FBC Secretary Waltter Kulvik blogging “Think before you type “

Think before you type

Living and working in South East Asia there is virtually no ‘opt-out’ from social media. Whether it be writing a blog or commenting on Facebook, Twitter, Instagram, LinkedIn or even just a group chat on WhatsApp or WeChat, we are connected to a wider audience than most of us really think about.

As such, we use social media simply as another form of communication, viewed on par with having a conversation or sending a text message, without any consideration for the inherent risks that may arise.

For those of us who work for a business, your first source of concern most likely lies buried somewhere deep within your inbox, probably from your first days on the job when you were asked to confirm you have read all of your employer’s policies and guidelines. Somewhere within those pages of documents that you probably at best glanced over before clicking ‘I agree’ is likely to be the company’s social media policy.

Naturally most of us will think that while I haven’t read the things, I’m smart enough to steer clear of posting negative items about my employer or co-workers, which is probably true (subject to you realizing group chats on instant messaging platforms may not be as private as you would like), but many of these policies go beyond just talking about the company or other employees.

Many of the policies include prohibitions on the use of company property for accessing and posting on social media and some go so far as to capture behaviour outside of the workplace which your employer believes could shed a negative light on the company. So when you’re out having a few (responsible) drinks at the ScandBizBar and want to post that ‘hilarious’ photo to Facebook using your company provided mobile, make sure you’ve read the policy before hitting that button.

Now if you think the above is manageable (which it should be), or you run your own business (so it doesn’t apply), the unfortunate reality is that you’ve only scratched the surface. While you are unlikely to view your iPhone’s virtual keyboard as an extension of Gutenberg’s printing press, from a legal standpoint in a vast number of jurisdiction social media posts are classified as publishing for the purposes of defamation claims.

Whether for better or worse, this is where the truly global nature of our connected world truly comes to the forefront. So please dispel any notions that you are immune as you live in Singapore and only ever post positive things about the Red Dot we call home, but every now and then maybe say a few not so nice things about things elsewhere.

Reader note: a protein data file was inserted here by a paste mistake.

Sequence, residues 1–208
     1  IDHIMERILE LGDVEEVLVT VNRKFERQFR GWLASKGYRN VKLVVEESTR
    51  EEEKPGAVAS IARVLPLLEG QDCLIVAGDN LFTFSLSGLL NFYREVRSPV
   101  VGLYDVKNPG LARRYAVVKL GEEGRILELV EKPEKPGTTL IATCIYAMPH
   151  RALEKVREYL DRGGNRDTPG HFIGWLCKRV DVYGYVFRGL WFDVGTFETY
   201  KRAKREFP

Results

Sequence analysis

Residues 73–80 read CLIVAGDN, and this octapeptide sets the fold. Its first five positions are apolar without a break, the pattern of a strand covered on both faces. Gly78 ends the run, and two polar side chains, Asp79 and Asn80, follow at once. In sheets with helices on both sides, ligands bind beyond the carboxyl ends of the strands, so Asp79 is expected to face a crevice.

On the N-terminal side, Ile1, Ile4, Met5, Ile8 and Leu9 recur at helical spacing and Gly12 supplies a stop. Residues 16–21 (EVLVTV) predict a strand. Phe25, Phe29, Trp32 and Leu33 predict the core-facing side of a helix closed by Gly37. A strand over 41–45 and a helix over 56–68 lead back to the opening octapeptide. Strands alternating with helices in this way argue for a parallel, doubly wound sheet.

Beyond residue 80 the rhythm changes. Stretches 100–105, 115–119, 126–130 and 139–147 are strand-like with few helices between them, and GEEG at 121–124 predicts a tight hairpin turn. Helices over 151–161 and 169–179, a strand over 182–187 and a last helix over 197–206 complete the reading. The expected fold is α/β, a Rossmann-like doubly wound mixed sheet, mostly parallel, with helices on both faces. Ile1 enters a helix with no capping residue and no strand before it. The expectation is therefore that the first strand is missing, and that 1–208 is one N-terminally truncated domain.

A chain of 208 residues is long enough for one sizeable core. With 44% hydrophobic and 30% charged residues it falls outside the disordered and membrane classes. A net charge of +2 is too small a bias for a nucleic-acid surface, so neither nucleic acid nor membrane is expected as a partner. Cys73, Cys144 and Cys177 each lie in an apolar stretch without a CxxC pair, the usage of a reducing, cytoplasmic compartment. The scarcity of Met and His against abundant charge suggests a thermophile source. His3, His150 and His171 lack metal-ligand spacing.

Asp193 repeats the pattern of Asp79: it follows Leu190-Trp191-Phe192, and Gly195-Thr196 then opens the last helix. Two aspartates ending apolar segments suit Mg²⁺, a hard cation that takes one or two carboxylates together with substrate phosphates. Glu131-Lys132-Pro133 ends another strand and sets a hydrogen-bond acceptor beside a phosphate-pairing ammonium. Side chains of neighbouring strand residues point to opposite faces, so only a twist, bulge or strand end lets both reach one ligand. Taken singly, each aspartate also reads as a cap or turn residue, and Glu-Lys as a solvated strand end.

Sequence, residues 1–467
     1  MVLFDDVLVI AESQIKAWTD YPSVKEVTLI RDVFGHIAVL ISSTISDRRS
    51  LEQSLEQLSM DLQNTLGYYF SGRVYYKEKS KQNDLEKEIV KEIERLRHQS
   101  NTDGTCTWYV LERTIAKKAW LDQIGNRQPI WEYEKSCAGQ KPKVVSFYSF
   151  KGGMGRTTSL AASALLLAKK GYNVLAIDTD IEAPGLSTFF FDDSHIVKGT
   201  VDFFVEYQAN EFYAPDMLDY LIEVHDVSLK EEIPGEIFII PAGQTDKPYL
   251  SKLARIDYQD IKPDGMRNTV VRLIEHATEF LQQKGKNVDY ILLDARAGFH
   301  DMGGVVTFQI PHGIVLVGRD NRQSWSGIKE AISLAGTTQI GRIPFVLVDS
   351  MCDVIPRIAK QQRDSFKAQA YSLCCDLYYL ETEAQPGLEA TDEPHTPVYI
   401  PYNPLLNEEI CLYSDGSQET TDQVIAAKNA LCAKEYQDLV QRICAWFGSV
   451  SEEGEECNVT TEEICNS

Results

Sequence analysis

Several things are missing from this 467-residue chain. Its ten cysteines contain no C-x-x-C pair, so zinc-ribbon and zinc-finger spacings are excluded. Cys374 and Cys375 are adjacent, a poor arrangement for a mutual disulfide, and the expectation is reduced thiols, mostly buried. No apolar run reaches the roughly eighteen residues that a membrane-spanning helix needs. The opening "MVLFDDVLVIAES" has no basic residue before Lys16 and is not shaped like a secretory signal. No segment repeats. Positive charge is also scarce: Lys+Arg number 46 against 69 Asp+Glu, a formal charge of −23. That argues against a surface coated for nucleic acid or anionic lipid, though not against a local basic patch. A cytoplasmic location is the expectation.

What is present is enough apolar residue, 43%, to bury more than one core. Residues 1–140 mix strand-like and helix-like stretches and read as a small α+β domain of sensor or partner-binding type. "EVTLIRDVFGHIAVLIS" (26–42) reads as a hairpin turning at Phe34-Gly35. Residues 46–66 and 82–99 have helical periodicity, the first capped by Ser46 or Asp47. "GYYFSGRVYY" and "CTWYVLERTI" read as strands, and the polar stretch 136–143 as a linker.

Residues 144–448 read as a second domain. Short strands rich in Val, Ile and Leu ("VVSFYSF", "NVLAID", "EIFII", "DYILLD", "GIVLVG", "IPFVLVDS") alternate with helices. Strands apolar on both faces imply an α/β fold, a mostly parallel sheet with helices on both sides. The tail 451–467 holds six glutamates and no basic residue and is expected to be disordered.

Not only would a party from another country most likely to be able to issue legal action against you in Singapore, but through the beauty of the internet is a ‘global publication’ they can actually pick a country where to sue you. And as much as you may wish to think no one would ever do that, they will, and people do, this is what people pay lawyers to think of (and also why people hate lawyers). Just by way of an example, a few years ago Envoy, a gaming company from the US state of Delaware sued a British blogger for defamation, but they sued him Australia, after all, they do get internet in Sydney.

Naturally, there are other hurdles to jump through to make a successful claim and there are defences to defamation claims, namely truth and honest opinion, but even with these one needs to exercise care. When it comes to the law on defamation the concept of ‘innocent until proven guilty’ does not always apply as people would expect. In a number of jurisdictions, including Singapore, it is the obligation of the person who made the statement to prove that it was either true or their genuine opinion. In the case of the opinion it also needs to be shown that it was apparent from the facts that the statement was expressed an opinion and not as a fact (i.e. “FBC Singapore is awesome” vs “I think FBC rocks”, bit unfair as both are true, but you get the point).

Now the purpose of this is not to depress you (as sadly this is just part of the potential iceberg you can crash yourself into on social media, with other consequences going all the way up to criminal penalties and imprisonment) it is simply to try and encourage you to play safe of social media. If you can’t do that, you can always try and stay safe and come and share your opinions at the next ScandBizBar.



Waltter Kulvik

FBC Secretary